Jose Antonio Vanderhorst-Silverio | Jul 4, 2010
By following John Kotter’s suggestions about why transformations efforts fail, it becomes crystal clear that the smart grid undergoing process lacks a clear vision as it was not designed as transformation effort, but to make use of the financial opportunities given by the stimulus package. A vision that puts customer first is urgently needed to initiate a transformation process. The emerging vision leads to two systems that mutually reinforce each other: the regulated Smart T&D Grid and the competitive Smart Enterprise that put customers first. The vision integrates the two systems into a smart grid only at real-time operation.
Initiating the Smart Grid Transformation Part 1 of 3
By José Antonio Vanderhorst-Silverio, Ph.D.
Creator of the EWPC-AF
Systemic Consultant: Electricity
First posted in the GMH Blog, on July 4th 2010.
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To start the process as a real transformation effort, a critical thing to be done on Step 5 is to question the Investor Owned Utilities Architecture Framework (IOUs-AF) and its extensions as a “structure that seriously undermines the vision.”
Similar to the 4th person, I've been studying this intensely for 15 years. Unlike the 4th person, I’ve been designing the solution. All started back in 1995, which led to a 1996 paper financed by USAID where I made a proposal that the Dominican power industry needed an integral transformation to a long term vision. After I gave the presentation at the Peak Load Management Alliance Fall 2004 Conference, Achieving Market Value Through DR Technologies, I have evolved to become the system architect that created the global Electricity Without Price Controls Architecture Framework (EWPC-AF) to replace the century old IOUs-AF.
The summary of the EWPC-AF article says that “A new approach to power energy policy design, based on system’s architecting heuristics, has led to an emerging simplified synthesis of the power industry regulatory policy. Instead of undergoing business as usual regulatory proceedings, the approach to the Electricity Without Price Controls Architecture Framework is poised to replace the Investor Owned Utilities Architecture Framework and its incremental extensions that have evolved by analytic patchwork as a extremely complex system”
To start considering that emerging approach to enable a powerful EWPC-AF global guiding coalition, as required on Step 2, please take a look at the EWPC article A Single System & the Enterprise War, whose summary says: “A single integrated emergent power service system is optimally structured into the enterprise and the grid subsystems, that are highly cohesive with lightly coupled interfaces. The enterprise subsystem is designed to enable an architecting war among Second Generation Retailers (2GRs), while the grid subsystem remains regulated.”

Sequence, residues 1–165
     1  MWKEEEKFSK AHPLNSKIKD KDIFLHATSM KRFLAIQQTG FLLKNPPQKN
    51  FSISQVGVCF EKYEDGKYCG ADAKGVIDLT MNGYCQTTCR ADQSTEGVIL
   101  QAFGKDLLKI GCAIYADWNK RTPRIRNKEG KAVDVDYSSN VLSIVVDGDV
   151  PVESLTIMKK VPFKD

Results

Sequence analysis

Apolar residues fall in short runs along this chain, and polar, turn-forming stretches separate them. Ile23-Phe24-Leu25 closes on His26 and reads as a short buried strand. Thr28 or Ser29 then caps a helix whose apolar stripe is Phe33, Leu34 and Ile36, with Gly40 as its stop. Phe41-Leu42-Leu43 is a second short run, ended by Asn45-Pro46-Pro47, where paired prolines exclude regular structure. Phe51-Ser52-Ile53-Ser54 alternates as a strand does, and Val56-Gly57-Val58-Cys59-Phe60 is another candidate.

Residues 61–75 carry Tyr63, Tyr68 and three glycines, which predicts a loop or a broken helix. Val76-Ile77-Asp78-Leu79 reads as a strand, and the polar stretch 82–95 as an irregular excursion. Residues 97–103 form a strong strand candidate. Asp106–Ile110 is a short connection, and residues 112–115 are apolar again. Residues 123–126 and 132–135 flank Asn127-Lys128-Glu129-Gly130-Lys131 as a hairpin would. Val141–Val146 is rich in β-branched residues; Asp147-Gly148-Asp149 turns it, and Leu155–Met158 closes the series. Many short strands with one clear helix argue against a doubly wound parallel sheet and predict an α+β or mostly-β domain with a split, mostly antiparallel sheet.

To remove the obstacle of the assumption that utilities can impose supply side rates across the board, the EWPC-AF offers risk taking competitive 2GRs that will develop the Smart Enterprise by marketing and selling high tech product and services to customers on the TALC. Unlike regulated utilities, 2GRs should be able to offer customers one stop well coordinated integrated offerings that "align retail rates with energy efficiency and demand response objectives."
As the 1st person anticipated under a different scenario, regulated utilities will no longer get distracted with customer facing smart meter activities of the stimulus package. Instead, those utilities whose investors prefer regulation can concentrate their efforts into modernizing the transmission and distribution infrastructure. The result will be a very clearly defined T&D Smart Grid vision.
Those remaining utilities that want to go through Kotter’s, which also include, Steps 6 - Plan for and creating short-term wins; Step 7 - Consolidate improvements and producing still more change, and Step 8 - Institutionalize the new approaches, to do a complete cultural change, should make the decision to sell their T&D assets to be able to join as 2GRs the global EWPC-AF coalition to help develop the Smart Enterprise vision.
Last but not least, the complete smart grid comes alive under the system operator at real time. At other times the complementary Smart Enterprise is helping coordinate customer investments to integrate the resources of the demand side to power system planning, operation and control or executing pre and post real-time economic transactions with customers and central station generators.